TINA Is Not A Bubble

There.  Is.  No.  Alternative.  We’ve heard it from all of the talking heads.  There is no alternative to the stock market, so you might as well buy and enjoy the ride.  And the fact that there is no alternative is inflating a bubble.  And when that bubble pops, it’s going to get bad.  Really bad.

Well, I hate to break it to the guys on the sideline waiting for the bubble to burst.  This is not a bubble.  To be a bubble in the truest sense of the word, there has to be euphoric-type buying.  To be a bit over-extended to the upside, we have to have capitulation buying.  And that’s what we have now – a high priced market that should pull back when the last bear in the room throws in the towel.  But this market will not collapse.  In 2000, all you had to do was buy every .com IPO and you were destined to turn your thousands into millions.  In 2007, just buy houses.  You could always sell them a year later for more, renovate and flip them, or find any other number of ways to make money.  And you could do it all for no money down.  You just had to make sure you bought houses.  And in both the .com bubble and the housing bubble, everyone knew that you were going to make money fast and everyone with a little spare money did just that.  And everyone that didn’t have spare money found a way to borrow money so they could get in on the game.  It ended badly.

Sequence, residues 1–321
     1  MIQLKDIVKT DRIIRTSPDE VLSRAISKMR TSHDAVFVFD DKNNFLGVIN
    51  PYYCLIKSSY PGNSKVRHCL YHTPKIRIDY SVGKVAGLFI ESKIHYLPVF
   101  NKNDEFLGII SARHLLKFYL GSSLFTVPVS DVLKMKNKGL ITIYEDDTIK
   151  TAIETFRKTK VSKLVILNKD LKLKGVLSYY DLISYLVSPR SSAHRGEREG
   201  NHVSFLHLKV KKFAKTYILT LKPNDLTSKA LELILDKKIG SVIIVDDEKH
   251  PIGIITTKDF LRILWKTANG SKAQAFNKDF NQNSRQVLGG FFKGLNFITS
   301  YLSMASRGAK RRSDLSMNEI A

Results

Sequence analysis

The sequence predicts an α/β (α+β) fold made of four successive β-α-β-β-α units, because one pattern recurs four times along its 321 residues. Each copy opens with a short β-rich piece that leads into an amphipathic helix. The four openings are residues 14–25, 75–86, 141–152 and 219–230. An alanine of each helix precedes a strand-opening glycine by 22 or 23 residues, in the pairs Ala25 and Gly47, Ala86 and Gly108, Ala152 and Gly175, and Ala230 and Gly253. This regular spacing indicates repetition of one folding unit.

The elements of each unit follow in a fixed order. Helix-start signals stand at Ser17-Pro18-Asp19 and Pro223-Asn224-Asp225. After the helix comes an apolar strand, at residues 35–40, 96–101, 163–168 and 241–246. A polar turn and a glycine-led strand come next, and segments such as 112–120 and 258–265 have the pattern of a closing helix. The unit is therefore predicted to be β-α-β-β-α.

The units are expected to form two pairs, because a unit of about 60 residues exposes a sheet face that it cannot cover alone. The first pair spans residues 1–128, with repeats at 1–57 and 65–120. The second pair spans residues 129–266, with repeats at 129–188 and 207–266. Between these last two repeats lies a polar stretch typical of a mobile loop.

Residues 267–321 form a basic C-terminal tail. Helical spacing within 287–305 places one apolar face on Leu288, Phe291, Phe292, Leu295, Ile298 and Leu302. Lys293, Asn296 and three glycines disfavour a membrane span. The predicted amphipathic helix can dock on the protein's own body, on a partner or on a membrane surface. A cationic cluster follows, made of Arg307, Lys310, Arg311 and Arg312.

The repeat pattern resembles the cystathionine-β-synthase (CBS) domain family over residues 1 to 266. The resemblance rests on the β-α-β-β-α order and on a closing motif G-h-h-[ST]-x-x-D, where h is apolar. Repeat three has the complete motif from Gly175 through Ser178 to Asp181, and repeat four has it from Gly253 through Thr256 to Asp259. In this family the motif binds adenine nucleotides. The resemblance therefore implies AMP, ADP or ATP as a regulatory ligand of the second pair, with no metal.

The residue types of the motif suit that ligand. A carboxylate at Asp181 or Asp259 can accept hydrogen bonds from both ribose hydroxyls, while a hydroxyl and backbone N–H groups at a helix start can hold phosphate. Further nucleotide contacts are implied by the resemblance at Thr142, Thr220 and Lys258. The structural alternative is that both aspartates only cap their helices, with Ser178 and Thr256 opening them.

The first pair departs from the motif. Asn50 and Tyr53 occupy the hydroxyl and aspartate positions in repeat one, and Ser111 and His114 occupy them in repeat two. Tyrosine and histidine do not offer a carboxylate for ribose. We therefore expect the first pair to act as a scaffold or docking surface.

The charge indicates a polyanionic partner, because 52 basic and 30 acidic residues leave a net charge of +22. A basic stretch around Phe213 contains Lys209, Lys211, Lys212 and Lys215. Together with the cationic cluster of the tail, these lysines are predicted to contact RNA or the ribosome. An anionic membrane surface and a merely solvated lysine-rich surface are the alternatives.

But in today’s day and age, we’re simply searching for yield.  We’re searching because we need to generate 6-8% per year in returns to finance our retirements.  But with interest rates under 1%, we’re certainly not going to get it from bonds.  We’re going to get it from stocks with high dividend yields.  And when that dividend yield isn’t high enough, we’ll get it from financing the debt of small cap companies that can pay us an annual coupon of 6%.  And then we’ll buy all those small cap stocks because the debt instruments don’t yield enough return.  And then, since they’re not paying dividends, we’ll sell out-of-the-money calls to create a new yield instrument whereby we can collect 10% per year of the stock’s value in premium if we don’t rally and we make 15-20% if the stock rallies through our strikes and takes us out of our position.  And then, when the implied volatility is too low for that, we’ll continue to find another way to generate yield.  Maybe that will be the bubble.  But for now, the bubble isn’t there – we’re still just finding the little bit of yield out there.  And we’re frowning while we do it, because this is not a euphoric easy-money game.